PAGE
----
"Yeah, Well They Saved My Life Every Day"
In his text The Grunts, author Charles Anderson writes about how Vietnam veterans navigated their time in the war and return to the United States. For Anderson, the most important factor to coping with both of these situations was “group unity,” which Anderson explains as all men believing in the reason for fighting. This can also be interpreted as brotherhood amongst men in the field. When recounting their experiences in Vietnam, Corpsmen paid particular attention to how important group unity was. The brotherhood was not just about believing in the fight, but rather about caring for one another. To enter into combat with Marines and be protected by them, while also having the potential to save their lives in case of disaster, defined an unbreakable brotherhood exhibited by Corpsmen in narratives about their Vietnam experience.
Jack Cassidy emphasized the importance of brotherhood during his interview. Upon first arriving in Vietnam, Jack noted how out of shape he was because of inadequate physical training between Combat Corpsman School at Camp Lejeune and actual deployment. In the first few weeks, Jack’s fellow soldiers from Kilo Company helped him carry supplies and helped him acclimate to the adverse conditions. After learning the ropes, Jack earned the nickname “Doc,” a title that stays with him even today. When asked about if he ever heard about the men he took care of later on, he told the following story. Upon returning to Philadelphia Naval Hospital, he met up with seven Marines who “all lost their legs or arms,” of whom Jack knew and took care of in the bush. When he walked up “the gangway to go see ‘em in the ward, they were all in line singing the Marine Corps hymn, saluting [him].” For Jack, this was the best feeling in the world. While being protected by the men around him, Jack saved the lives of many of his comrades, cementing this brotherhood. This is central to Jack’s Vietnam experience and his narrative.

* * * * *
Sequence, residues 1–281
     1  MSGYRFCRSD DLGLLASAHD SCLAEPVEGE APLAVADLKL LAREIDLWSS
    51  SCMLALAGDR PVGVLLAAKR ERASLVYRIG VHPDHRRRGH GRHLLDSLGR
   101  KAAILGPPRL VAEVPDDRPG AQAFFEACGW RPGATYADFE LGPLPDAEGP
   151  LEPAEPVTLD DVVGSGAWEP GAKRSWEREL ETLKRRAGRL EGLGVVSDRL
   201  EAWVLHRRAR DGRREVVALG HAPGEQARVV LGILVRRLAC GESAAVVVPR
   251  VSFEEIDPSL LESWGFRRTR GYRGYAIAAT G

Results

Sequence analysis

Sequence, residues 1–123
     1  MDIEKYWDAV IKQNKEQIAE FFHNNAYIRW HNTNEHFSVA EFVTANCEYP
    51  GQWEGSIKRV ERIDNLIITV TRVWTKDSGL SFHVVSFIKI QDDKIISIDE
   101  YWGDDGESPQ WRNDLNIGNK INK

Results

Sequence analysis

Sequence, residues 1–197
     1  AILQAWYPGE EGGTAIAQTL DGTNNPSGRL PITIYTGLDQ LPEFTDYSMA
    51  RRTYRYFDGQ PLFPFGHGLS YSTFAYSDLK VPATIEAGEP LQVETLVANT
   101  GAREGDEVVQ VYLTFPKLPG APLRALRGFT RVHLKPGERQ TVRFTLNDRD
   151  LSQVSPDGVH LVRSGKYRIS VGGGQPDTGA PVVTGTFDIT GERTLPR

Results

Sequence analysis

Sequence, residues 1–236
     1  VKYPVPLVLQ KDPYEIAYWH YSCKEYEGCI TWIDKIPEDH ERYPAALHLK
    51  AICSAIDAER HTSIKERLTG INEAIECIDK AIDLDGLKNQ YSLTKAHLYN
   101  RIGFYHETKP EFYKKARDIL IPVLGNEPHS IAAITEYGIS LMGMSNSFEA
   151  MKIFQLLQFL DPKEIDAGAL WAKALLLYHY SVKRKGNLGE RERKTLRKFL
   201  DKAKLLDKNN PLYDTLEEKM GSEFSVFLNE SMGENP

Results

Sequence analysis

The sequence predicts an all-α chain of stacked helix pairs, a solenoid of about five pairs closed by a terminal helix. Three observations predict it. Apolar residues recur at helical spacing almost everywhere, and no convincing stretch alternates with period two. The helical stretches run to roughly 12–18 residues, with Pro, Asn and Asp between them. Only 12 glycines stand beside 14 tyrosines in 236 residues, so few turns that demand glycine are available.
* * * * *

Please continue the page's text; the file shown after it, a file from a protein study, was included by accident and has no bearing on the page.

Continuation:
Cahill also echoed the sentiment in his oral history interview. Feeling the immense respect granted to him by his men, Cahill reported that: “they loved their Corpsman.” Upon arriving in country, the enlisted Marines warned Cahill about what to expect, opened up to him, and were respectful; treating him differently than how they would treat the rest of the FNG (Fucking New Guy) Marines coming in. Lima Company 3/1 Corpsman Robert Slingluff commented on the brotherhood between Marines and their Corpsmen in his oral history interview as well, noting that: “it was the type of thing where they felt perhaps their life was in my hands, but at the same time I knew that my life was in their hands.” This multi-faceted responsibility centered the brotherhood in many Corpsman narratives.
Corpsman Ordonez mentioned an extreme example of his responsibility to his brothers in arms. After a dud RPG hit a helicopter he was riding in, knocked him out of it, and caused him to break his nose and suffer a concussion upon landing, the Navy transferred Ordonez to a hospital ship for a few weeks to aid in his recovery. Ordonez was not thrilled with the decision, and by Thanksgiving Day of 1969, he said: “I felt like I shouldn’t be there and I finally got out. The doctor wanted me to stay. He said, ‘I can reassign you here.’ I said, ‘No, I’ve got to get backed to my men.’”
Ordonez, Cahill, Slingluff, and Cassidy’s narratives all comment on the positive impact of the bond between Marines and their Corpsmen, as well as how far the men were willing to go to uphold it. This is something Corpsmen remembered long after the war (see "They Still Loved Their Doc.")